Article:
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Hoffmann, R. A wiki for the life sciences where authorship matters. Nature Genetics (2008)
 
 
 

Maternal zinc, iron, folic acid, and protein nutriture and outcome of human pregnancy.

Four hundred fifty women were observed during pregnancy and postpartum. Forty-three variables including 12 laboratory indices of maternal nutrient status were assessed. Of the variance in fetal weight and head circumference 9.9 and 8.1%, respectively, were predictable by polynomial stepwise regression of laboratory indices of maternal nutriture. Maternal plasma zinc levels were inversely correlated with fetal weight. The occurrence of pregnancy complications in the highest and lowest quartiles of maternal plasma zinc, albumin, iron, and folic acid were compared. Using data only from the initial blood samples for which the trimester was identified precisely (n = 394), a significant association was found between the total occurrence of fetomaternal complications and zinc and albumin levels in the lowest quartile (zinc, p less than 0.02; albumin, p less than 0.02). Low zinc or low albumin were also associated with the specific complications of fetal distress (zinc, p less than 0.002; albumin p less than 0.002). High plasma folate was also associated with the total occurrence of complications (p less than 0.008) and with fetal distress (p less than 0.002). When all data (n = 713) including repeat blood samples and data from 56 mothers in whom the trimester could not be verified precisely were evaluated, associations between other complications and lowest quartile zinc and albumin and highest quartile folate were identified. Discriminant analysis of data from the initial blood samples revealed that plasma zinc was a discriminator for fetomaternal complications only in women in the lowest quartile for plasma zinc.[1]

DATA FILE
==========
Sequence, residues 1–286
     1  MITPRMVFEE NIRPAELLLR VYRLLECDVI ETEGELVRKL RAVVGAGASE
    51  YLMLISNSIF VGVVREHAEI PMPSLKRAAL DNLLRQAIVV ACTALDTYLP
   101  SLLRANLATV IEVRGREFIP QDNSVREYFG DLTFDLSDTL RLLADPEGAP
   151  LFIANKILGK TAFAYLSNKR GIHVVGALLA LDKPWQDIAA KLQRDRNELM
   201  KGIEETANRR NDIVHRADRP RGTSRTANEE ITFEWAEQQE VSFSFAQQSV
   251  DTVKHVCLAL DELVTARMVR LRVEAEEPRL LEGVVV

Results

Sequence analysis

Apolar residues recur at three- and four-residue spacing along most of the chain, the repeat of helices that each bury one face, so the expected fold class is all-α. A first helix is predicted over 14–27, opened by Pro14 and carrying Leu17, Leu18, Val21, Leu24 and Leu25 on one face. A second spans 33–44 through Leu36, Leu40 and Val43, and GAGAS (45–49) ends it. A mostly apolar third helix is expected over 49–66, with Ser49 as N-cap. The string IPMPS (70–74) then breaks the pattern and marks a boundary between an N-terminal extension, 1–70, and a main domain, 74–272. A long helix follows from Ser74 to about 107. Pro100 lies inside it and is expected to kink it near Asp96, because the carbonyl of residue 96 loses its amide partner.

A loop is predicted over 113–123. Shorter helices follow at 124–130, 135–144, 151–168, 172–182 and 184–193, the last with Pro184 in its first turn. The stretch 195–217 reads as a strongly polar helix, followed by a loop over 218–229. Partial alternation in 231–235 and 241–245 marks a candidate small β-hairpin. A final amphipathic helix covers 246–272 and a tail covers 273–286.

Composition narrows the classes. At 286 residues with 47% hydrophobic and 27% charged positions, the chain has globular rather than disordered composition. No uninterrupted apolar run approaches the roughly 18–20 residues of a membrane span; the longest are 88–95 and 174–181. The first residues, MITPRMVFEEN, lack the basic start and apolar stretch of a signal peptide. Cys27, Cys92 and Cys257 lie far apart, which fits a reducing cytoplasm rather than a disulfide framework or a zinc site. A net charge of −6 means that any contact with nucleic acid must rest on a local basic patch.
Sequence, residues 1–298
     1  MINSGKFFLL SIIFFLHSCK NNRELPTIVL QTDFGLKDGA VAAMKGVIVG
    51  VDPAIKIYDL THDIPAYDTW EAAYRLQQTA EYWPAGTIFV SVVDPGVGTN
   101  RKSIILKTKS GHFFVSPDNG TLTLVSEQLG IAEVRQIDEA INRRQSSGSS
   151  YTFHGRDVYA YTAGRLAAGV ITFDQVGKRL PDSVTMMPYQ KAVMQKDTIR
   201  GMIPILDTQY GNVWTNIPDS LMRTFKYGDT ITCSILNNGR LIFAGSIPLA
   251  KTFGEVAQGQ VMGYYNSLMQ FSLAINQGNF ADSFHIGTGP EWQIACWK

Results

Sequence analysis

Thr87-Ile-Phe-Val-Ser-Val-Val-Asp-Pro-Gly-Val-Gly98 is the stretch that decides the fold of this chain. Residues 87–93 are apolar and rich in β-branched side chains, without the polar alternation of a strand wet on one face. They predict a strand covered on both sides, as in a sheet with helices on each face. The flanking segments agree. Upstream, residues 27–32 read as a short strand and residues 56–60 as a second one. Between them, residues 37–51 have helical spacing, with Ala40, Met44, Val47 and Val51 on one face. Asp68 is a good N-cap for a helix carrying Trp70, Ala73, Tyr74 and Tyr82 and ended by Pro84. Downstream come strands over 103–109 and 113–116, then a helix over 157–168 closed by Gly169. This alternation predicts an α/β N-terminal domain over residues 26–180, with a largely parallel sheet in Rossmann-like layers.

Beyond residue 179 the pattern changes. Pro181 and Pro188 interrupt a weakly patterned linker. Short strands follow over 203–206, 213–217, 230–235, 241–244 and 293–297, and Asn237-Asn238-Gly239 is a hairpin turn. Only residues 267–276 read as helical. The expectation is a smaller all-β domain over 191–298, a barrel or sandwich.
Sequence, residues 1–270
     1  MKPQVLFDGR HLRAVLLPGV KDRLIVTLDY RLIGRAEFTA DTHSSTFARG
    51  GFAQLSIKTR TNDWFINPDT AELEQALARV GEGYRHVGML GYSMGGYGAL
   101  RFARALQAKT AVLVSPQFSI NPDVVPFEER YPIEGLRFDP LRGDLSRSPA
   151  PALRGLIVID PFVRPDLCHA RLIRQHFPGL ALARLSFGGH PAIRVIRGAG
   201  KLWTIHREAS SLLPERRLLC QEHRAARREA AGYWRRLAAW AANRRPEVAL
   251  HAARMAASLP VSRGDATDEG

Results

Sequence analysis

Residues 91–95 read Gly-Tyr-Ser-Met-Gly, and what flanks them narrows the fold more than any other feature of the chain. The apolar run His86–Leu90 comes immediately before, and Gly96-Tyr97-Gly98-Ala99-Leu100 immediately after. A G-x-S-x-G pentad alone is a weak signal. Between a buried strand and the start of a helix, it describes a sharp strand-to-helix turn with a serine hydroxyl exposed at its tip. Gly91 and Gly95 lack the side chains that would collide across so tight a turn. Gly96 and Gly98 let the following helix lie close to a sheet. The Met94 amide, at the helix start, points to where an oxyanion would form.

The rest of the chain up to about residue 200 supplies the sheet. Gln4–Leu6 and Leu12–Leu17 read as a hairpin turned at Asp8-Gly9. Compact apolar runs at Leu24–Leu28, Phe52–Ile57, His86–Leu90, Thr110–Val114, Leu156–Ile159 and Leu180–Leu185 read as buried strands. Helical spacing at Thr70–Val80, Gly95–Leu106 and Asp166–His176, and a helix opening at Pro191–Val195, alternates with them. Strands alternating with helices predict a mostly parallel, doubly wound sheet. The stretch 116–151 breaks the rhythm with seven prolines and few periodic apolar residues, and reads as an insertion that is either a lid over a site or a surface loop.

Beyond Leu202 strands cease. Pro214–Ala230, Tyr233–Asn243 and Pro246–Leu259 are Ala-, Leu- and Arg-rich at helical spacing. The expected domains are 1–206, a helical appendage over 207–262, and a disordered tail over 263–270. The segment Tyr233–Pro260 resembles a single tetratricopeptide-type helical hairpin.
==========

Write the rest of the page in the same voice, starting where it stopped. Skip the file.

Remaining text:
References

  1. Maternal zinc, iron, folic acid, and protein nutriture and outcome of human pregnancy. Mukherjee, M.D., Sandstead, H.H., Ratnaparkhi, M.V., Johnson, L.K., Milne, D.B., Stelling, H.P. Am. J. Clin. Nutr. (1984) [Pubmed]
 
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